They have, expectedly, papered over the dissensions against Rahul Gandhi, with the big axe being used against anyone questioning the role of the Congress vice-President in the thorough rejection of the party in the recent Lok Sabha poll. So, as the joke goes, after Sonia Gandhi and her son offered  resignations to themselves  and then rejected it themselves in quick succession to a thundering applause from the assembled bonded slaves, the banner of rebellion has been raised in a number of state Congress units. And here, expectedly, the state leaders enjoy no protection of a guaranteed life-long tenure. They must quell the rebellion or get out. Period. That is why two state units in particular have been unsettled by the huge blow the voters delivered them on May 16. In Assam, Chief Minister Tarun Gogoi is hard put to blunt the challenge from the dissidents seeking his ouster following the unexpectedly bad showing of the Congress in the parliamentary poll. Considered a strong chief minister till the poll outcome shook his hitherto secure perch, Gogoi sensed the coming revolt by the dissident group immediately after the results. He had publicly committed to quit should the Congress fail to win ten of the fourteen LS seats in the state. In the event, the Congress managed only three, while the BJP won seven and others the remaining four.

In the 2009 election, the Congress had won seven of the 14 seats. Gogoi did offer to resign, but the Congress high command rejected the offer. How could the high command accept his resignation without it failing to own up its own responsibility for the worst-ever drubbing the party had received in its long history? However, the rejection of the Gogoi resignation did not settle matters. Apparently, 40 of the 79 MLAs are up in arms, seeking his replacement by another leader. The total strength of the Assembly is 126, while a fresh election is still some two years away. Gogoi sought the intervention of the central leadership, but despite meeting Rahul Gandhi twice, he failed to get any help. Following meetings with other central leaders, he was asked to prove his majority in the Congress Legislature Party. However much the party high command might have liked to discipline the rebellious MLAs, it could not come to the rescue of Gogoi since its own moral authority was vastly diminished by the thumping defeat in the parliamentary poll. So, last heard, Gogoi was set to test his majority in the CLP.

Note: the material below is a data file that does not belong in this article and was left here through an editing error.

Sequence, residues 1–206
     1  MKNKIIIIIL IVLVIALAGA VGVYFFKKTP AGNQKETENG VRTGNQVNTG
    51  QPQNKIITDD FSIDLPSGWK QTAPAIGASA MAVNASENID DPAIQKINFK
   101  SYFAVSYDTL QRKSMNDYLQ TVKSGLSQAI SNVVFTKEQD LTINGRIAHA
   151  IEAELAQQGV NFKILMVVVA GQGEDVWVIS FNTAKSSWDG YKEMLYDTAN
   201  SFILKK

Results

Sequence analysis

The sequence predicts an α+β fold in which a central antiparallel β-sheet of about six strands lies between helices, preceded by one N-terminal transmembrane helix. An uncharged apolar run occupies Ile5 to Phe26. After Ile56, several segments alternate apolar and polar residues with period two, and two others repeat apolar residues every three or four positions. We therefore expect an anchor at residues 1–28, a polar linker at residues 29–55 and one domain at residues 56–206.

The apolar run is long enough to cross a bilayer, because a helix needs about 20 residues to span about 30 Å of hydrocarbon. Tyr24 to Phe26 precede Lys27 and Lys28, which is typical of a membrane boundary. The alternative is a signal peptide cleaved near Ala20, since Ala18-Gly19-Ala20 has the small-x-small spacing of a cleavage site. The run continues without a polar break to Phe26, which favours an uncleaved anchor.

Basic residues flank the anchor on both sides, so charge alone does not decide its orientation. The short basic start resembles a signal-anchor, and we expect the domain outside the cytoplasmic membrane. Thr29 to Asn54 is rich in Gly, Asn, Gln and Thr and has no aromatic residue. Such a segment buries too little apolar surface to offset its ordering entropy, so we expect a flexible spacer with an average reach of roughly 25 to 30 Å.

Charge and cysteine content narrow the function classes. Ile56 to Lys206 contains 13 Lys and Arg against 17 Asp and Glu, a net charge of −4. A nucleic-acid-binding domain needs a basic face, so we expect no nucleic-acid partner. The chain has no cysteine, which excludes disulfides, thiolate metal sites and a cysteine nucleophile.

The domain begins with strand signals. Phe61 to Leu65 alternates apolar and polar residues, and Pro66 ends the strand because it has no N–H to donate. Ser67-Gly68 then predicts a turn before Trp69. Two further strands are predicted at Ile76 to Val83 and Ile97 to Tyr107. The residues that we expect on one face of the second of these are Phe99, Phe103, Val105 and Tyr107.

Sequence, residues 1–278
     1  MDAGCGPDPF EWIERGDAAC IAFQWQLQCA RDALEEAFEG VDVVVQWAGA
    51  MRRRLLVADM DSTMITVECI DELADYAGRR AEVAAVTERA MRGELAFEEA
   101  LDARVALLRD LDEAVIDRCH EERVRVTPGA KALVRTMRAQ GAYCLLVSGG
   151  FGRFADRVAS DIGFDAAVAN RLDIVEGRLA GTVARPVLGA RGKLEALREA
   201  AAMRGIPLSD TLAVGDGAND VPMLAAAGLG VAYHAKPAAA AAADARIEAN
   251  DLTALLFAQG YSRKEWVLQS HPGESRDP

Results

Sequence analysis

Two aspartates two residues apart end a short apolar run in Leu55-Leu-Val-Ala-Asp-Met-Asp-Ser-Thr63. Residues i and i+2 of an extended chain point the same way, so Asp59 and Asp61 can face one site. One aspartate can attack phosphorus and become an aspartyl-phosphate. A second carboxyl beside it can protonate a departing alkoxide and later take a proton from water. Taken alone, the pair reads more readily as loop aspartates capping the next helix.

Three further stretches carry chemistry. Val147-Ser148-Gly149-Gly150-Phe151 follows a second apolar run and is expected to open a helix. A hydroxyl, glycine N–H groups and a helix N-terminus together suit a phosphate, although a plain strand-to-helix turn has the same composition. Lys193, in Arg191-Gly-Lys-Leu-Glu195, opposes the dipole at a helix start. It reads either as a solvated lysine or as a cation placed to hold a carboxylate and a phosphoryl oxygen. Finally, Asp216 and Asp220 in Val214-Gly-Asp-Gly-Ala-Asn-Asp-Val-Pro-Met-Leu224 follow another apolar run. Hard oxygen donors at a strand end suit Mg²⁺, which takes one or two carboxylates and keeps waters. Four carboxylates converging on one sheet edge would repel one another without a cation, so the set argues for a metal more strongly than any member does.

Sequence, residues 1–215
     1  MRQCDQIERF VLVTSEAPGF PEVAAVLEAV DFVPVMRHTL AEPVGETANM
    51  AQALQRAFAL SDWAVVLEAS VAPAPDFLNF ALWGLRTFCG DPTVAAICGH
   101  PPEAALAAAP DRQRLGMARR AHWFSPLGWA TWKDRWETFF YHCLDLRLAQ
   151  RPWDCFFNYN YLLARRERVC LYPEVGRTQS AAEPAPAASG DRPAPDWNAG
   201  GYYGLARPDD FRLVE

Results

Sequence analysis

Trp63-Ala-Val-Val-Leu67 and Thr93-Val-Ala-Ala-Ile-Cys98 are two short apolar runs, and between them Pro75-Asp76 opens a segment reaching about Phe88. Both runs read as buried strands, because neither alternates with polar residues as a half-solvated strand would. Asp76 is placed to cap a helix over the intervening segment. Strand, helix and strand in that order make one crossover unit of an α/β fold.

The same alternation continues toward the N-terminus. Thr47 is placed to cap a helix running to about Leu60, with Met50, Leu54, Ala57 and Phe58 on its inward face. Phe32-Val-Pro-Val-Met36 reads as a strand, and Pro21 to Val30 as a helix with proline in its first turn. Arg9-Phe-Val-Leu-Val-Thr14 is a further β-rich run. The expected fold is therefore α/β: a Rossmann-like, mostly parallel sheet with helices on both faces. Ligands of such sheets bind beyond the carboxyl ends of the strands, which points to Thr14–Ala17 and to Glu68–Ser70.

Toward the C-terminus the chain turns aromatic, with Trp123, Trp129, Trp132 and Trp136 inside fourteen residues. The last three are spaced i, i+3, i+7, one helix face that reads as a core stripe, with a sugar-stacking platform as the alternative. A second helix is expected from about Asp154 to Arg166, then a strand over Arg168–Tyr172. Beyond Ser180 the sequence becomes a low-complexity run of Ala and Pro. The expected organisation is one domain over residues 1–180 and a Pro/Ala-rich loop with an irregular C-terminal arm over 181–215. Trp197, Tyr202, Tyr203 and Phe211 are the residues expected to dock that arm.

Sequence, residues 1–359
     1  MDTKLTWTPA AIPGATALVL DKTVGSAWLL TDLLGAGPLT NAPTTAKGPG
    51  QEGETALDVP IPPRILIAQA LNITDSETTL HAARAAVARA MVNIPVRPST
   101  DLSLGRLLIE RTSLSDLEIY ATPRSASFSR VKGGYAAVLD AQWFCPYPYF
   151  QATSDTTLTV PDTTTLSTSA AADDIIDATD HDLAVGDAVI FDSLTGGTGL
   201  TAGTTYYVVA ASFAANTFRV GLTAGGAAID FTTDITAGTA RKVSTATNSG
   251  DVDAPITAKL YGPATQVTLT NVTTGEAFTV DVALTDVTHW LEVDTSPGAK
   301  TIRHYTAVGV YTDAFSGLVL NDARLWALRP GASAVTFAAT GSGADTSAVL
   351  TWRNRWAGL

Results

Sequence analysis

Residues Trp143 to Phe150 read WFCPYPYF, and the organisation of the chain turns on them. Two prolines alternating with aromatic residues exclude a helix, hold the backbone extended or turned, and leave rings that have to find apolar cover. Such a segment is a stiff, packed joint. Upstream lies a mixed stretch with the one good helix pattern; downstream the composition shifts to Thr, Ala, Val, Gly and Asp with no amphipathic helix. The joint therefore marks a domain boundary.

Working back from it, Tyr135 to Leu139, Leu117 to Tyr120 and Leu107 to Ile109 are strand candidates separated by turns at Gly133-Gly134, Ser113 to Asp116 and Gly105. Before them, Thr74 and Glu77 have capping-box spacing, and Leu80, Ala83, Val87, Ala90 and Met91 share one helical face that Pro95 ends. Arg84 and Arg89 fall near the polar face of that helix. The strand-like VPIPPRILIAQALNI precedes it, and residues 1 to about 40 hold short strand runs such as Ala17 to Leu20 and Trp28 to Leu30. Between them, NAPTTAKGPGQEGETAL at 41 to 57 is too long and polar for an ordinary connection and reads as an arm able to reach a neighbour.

Whatever the outcome, uncertainty and instability will dog the Congress Government in Assam in the life of the present Assembly. Meanwhile, the situation in Maharashtra is no better. The Congress-NCP coalition fared much worse than the Congress in Assam, losing 42 of the 48 seats to the BJP-led NDA in the Lok Sabha poll. Even the NCP had expressed reservations about the leadership of Chief Minister Prithviraj Chavan, but it is the revolt of Narayan Rane, a senior Congress leader and Industry Minister in the Chavan Cabinet, which has unnerved the Congress. Rane has virtually declared a war against Chavan, telling Sonia Gandhi in a missive that the party stared at a disaster if it went to the coming Assembly polls under his leadership. Himself a claimant for the chief minister’s post, Rane, however, has few friends in the NCP, a factor that the Congress high command will have to keep in mind while considering a change in Maharashtra. The situation in the state is so fluid that there are even doubts about the durability of the NCP-Congress alliance. The presence of Raj Thackeary’s MNS as the third force has skewed the situation further, as has the sudden death of the BJP leader Gopinath Munde. Indeed, some reports suggest that the BJP might induct Rane as one of its senior leaders, following Munde’s death, in order to project a non-Brahmin face in Maharashtra.

Given Rane’s aggressive and venal record, the party would be taking a calculated risk by admitting him. How the Sena would react to Rane’s entry into the BJP too would have to be considered, given that Rane had deserted the Sena following Uddhav Thackeray’s projection as chief minister by the late founder Balasaheb Thackeray.  Notably, whether it is Assam or Maharashtra, the writ of the Congress high command no longer runs in the state units, following its morale-shattering loss in the Lok Sabha poll. Therefore, it looks like that the Congress in the states is in for bigger shocks, bigger defeats in the coming months and years, especially when the high command shows no sign of self-correction and self-atonement. Just as well. A party tied to the little finger of a clueless leader like Rahul Gandhi can deserve no better.

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